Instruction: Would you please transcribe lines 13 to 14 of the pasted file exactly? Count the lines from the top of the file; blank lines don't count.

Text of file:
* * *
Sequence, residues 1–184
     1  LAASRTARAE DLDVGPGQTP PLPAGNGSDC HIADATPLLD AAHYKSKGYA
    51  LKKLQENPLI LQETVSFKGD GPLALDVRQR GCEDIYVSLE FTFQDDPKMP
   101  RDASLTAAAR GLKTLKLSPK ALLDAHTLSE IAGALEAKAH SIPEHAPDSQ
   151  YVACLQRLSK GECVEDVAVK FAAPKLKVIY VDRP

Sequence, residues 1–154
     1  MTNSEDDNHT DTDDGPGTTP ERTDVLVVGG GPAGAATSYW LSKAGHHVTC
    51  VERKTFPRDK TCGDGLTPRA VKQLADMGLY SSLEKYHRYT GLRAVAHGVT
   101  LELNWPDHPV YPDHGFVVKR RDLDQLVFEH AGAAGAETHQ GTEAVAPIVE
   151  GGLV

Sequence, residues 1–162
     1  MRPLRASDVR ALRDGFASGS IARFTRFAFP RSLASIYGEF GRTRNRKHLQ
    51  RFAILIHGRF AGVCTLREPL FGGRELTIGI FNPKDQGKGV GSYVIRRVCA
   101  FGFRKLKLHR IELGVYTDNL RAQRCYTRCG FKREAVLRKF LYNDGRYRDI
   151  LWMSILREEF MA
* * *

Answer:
    51  RFAILIHGRF AGVCTLREPL FGGRELTIGI FNPKDQGKGV GSYVIRRVCA
   101  FGFRKLKLHR IELGVYTDNL RAQRCYTRCG FKREAVLRKF LYNDGRYRDI